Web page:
Treat creativity as a team sport. Create a support network that encourages your ideas and helps them flourish. A group that can not only bounce of each other but build on each others’ ideas. I am privileged to be at Hobsonville Point Secondary School where we have a natural creativity network developing but I also maintain close relationships with other people who help me and (hopefully) vice versa. I get a lot of my creative support through Twitter from individuals such as Stephen Lethbridge, Sam Cunnane and Michael Harcourt or chats such as #EdChatNZ and #DTK12Chat.
Create a culture of prototyping where you accept that ideas may not come out as perfect. Experiment and accept that they are not 100% right to start with so you can look for ways to improve them. This helps recast the whole idea of “failure is not an option” to failure as a step in the learning process.
Every school sets up mentoring relationships but these are normally for experienced staff to help young or new staff. Creative Confidence raises the idea of reverse mentoring helping organisations to become more creative. I believe this could work in schools as well as new staff help more experienced see the opportunities for innovation in their teaching programmes. At Hobsonville Point Secondary School we have set up critical friendships where we have all been paired up to help encourage and critique each other’s practice. I have been paired with our awesome Principal Maurie Abraham. I know I will learn a lot from Maurie but I hope that I can also encourage him to be more innovative in his practice (a hard task when you check out his awesomeness on his blog).
Think of how your environment inspires, how could you reshape things to inspire more thought from your students? We all know teachers who do an amazing job with their classroom environment – personally this year I have loved seeing what Amy McCauley has done at Hobsonville Point Primary School. My aim this year is to rethink the ways that our MLE spaces can be used. I have borrowed The Third Teacher, bought The Make Space Book and am reading as many blogs as I can looking for inspiration. But sometimes it’s the simple ideas like this table made of paper to encourage doodling as people talk from the IDEO office:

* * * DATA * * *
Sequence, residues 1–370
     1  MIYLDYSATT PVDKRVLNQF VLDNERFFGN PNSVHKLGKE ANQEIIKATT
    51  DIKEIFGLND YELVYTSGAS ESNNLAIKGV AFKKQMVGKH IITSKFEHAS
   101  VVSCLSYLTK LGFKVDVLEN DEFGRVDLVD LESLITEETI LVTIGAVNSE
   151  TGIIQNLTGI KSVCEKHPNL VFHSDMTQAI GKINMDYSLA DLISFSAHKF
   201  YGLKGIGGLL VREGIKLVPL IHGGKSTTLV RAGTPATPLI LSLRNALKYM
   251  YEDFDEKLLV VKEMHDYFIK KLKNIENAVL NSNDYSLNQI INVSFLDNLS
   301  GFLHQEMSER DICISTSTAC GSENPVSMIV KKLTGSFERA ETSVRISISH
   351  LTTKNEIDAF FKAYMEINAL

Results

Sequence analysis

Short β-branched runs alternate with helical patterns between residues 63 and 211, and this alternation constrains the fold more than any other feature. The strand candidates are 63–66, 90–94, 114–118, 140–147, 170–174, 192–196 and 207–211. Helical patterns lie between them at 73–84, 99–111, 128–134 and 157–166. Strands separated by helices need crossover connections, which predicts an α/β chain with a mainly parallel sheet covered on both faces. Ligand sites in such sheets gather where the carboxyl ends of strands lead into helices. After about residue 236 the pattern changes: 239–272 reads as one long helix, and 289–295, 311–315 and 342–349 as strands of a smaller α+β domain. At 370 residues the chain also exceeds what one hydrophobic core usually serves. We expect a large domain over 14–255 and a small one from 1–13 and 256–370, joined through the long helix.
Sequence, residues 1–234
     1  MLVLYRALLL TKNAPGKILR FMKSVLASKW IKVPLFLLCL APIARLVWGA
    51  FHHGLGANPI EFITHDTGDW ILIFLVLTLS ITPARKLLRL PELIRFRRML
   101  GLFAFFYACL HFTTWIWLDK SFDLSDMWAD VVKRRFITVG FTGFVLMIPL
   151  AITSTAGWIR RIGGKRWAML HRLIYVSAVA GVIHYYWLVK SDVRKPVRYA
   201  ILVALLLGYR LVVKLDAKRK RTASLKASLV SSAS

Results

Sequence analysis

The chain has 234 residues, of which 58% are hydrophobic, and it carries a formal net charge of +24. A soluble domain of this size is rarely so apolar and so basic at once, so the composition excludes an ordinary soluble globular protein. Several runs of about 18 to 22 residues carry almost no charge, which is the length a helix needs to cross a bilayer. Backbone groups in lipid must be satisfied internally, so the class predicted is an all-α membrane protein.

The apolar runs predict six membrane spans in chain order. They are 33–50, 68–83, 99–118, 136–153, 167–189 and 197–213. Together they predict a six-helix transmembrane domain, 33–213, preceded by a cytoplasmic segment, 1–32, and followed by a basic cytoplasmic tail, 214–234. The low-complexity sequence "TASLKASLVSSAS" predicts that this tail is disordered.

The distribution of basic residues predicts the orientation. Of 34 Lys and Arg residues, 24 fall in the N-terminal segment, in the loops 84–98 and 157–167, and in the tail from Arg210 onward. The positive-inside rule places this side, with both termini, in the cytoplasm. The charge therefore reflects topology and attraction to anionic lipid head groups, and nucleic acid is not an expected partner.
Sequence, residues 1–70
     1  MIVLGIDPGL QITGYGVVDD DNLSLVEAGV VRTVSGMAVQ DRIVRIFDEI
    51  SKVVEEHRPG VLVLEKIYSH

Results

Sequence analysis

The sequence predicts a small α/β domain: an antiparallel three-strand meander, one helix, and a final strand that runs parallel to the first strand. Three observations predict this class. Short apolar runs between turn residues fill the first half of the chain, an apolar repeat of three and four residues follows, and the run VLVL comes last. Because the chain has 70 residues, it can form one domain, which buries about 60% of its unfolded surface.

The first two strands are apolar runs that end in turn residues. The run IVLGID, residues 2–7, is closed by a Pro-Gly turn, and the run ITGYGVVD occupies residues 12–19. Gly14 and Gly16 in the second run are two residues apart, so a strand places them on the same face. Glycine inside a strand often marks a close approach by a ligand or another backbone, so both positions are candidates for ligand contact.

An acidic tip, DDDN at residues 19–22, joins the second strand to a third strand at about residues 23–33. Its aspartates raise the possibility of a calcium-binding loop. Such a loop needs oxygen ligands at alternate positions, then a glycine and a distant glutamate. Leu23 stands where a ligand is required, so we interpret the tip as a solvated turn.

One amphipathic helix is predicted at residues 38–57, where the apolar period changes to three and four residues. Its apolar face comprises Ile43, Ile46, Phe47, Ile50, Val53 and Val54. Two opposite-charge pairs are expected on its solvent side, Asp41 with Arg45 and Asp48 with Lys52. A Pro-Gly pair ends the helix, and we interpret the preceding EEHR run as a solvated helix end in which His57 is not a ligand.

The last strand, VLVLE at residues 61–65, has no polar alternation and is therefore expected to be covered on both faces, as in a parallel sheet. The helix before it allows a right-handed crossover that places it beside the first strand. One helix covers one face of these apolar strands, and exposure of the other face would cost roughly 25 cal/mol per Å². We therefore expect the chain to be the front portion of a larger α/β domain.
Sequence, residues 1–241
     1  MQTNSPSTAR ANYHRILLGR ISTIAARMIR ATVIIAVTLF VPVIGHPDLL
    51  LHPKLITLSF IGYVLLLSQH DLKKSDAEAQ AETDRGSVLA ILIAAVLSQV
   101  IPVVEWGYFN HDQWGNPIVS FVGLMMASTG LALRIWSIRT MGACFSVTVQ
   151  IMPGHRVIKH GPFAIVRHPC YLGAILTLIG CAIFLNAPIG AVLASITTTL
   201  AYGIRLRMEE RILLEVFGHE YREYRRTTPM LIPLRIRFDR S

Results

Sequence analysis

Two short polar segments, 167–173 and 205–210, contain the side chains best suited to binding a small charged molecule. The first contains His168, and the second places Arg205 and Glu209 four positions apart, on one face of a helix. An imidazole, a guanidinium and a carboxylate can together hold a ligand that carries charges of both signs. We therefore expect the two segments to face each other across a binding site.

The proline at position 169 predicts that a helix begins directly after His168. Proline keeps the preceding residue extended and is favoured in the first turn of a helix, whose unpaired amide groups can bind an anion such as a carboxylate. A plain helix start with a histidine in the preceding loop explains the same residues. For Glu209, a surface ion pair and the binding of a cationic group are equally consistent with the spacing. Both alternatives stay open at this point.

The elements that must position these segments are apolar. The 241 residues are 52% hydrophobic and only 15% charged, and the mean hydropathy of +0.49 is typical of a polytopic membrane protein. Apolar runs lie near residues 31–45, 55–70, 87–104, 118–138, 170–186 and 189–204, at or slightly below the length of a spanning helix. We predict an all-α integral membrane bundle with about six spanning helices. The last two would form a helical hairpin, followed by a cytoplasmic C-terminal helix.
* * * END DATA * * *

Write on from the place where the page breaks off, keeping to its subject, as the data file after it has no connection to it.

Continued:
Try changing the language you use in class to see what impact that has. Ban “No” and “Can’t”. Change them to “I could if” or “Yes, and…” and see what impact it has for your students. Phrase challenges “How Might We…” so automatically people start by thinking of the creative possibilities.
I finish with a quote from Creative Confidence:
Normalcy is overrated. If you tap into your natural creativity, you have a chance to be extraordinary.
Reblogged this on chimaeraspeak and commented:
Creativity is as important to me as air.
Great post Steve. One thing I reflect on as I read this is the importance of BoTs and leaders ensuring that there is a culture that exists in schools where failure is a normal part of the learning process. Students and teachers need to feel safe to experiment, play and make mistakes without feeling like they are dumb for not getting it ‘perfect’ or ‘right’. By getting it ‘right’ I mean the perception (of the student or teacher) that the piece of work generated does not fit into the expected norm or exemplar or modelled example. I think developing a culture where all ideas are valued and respected along with a growthmindset can encourage more curiosity, creativity and risk taking in schools. I love your take on prototyping – I think it is key in shifting culture and existing mental models that stifle creativity.
Thanks Paula. Great timing, as I have just been having a chat with my Learning Hub about our failure to create the video we aimed to create for our Moving In day. They decided to make a video owning their failure but some students wanted no part of it. Eventually, they all joined in and have made a short video stating their vision, why they feel it failed and their learning from the failure. A major proud moment for me in seeing the students become more comfortable with our failure. Showing it to 150 people in our auditorium next week will be very impressive and courageous!
How wonderful! I look forward to hearing how it goes…
Will you let me distribute this on twitter?
Sure thing, glad you enjoyed it!